As many reasons as there are people
Wednesday 08 February 1995
Esther Oxford posed the question: "Why is it that more than six out of 10 black women are single?" She neither answered nor examined it in any depth. Instead, she offered an ill-conceived, ill-researched, white stereotypical view of black womanhood.
More disturbingly, in allowing the author Mr Patrick Augustus to promulgate the hoary, banal myth that black men prefer white women because their attitude towards sex is different from black women's, the argument was reduced to absurdity. As a black woman I don't think I have read anything so sad and alarming.
Why then are so many black women single? The reasons are as wide and varied as the individuals themselves. The shallow way this was dealt with meant that no allowance was made for the differences between black people. We were lumped together in one amorphous mass, no differences, no layers, no shades, no strata. Curious how white people get neatly divided into socioeconomic groups - professional and non-professional, working-class, middle-class, upper-class, underclass - yet black people are just black people.
Take the differences between successful black career women and young girls just out of school. In my novel Single Black Female, I explore the relationships of, mainly, black thirtysomething professional career women and their search and troubles finding committed partners. It's an area about which I feel qualified to write and talk because I am thirty-something, own a PR agency, the Grapevine Press, and am black and single. Of course black women will share reasons for being single, but there will be many differences which reflect their positions in society.
The issue of single parenthood, so beloved by right-wing politicians and leader writers, is one, albeit powerful, side of the singledom debate. It's not one that I would want to comment on without doing a lot of research. A little more than a few quotes from a 15-year-old babymother and a couple of anonymous black boys in a Brixton McDonald's, if you get my drift. A thirtysomething black woman has a choice about being single; a 15-year-old babymother hasn't.
One of the main reasons why growing numbers of black women choose to be single is that there is a widening ambition gap between black men and black women. Many black men have trouble dealing with the career success of black females. The same is true of white men. Many white men feel threatened by the rise of females in the workplace. For black British women this is a more recent phenomenon.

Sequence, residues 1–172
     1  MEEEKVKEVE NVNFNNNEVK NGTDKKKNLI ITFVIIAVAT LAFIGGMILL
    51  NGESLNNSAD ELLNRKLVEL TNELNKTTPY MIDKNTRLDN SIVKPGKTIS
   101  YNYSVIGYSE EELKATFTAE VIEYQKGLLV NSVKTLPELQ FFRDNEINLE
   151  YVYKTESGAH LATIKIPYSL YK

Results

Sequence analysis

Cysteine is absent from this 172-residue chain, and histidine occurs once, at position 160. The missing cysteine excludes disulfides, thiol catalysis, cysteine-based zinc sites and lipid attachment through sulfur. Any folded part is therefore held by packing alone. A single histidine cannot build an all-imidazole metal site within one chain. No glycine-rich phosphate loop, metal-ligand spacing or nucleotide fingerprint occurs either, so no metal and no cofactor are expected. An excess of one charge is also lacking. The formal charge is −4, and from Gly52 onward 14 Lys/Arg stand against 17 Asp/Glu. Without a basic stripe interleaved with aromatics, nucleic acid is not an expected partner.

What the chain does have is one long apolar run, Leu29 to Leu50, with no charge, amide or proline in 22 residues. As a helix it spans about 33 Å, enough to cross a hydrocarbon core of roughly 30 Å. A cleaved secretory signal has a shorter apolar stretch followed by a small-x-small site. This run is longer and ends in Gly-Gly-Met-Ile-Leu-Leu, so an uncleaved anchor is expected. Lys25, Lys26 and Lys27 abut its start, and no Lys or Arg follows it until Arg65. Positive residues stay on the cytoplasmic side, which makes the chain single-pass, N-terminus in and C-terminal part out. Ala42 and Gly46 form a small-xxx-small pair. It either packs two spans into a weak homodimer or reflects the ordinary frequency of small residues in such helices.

Perhaps one of the reasons many black men are falling behind black women is because they are scared to compete, frightened of their macho image being challenged. More and more professional black women choose not to tolerate that attitude and now remain single. I do not believe, as Ms Oxford suggested in her article, that low self-esteem is the main reason for male promiscuity - whatever that's supposed to mean. What a cop-out that would give men: Honey, I'm screwing around because I don't think much of myself. I would never offer any man that kind of excuse.
I think somewhere along the line she got sold the myth of black woman as victim. Well, I've got news for her, some of us ain't. We come in all shapes and sizes, with different minds and different aspirations, separate backgrounds and separate ambitions. And some of us aren't buying this male nonsense of what we should be like.
A black woman, no matter what the status of her relationship, needs to feel respected to be happy. Black women who know and feel their strength are claiming health, prosperity and happiness as their right and are proving they can be winners. It is natural, to be sure, for them to want close, warm loving relationships with men. But more of us are saying not at any price.
Finally, let me deal with Ms Oxford's risible and racist assertion that I chose my current boyfriend because, as a white man, he can help me climb the social ladder. I care about a guy's personality and the amount of love and affection he can give me andI can give him. If that's not there, neither is he, whatever his skin tone.
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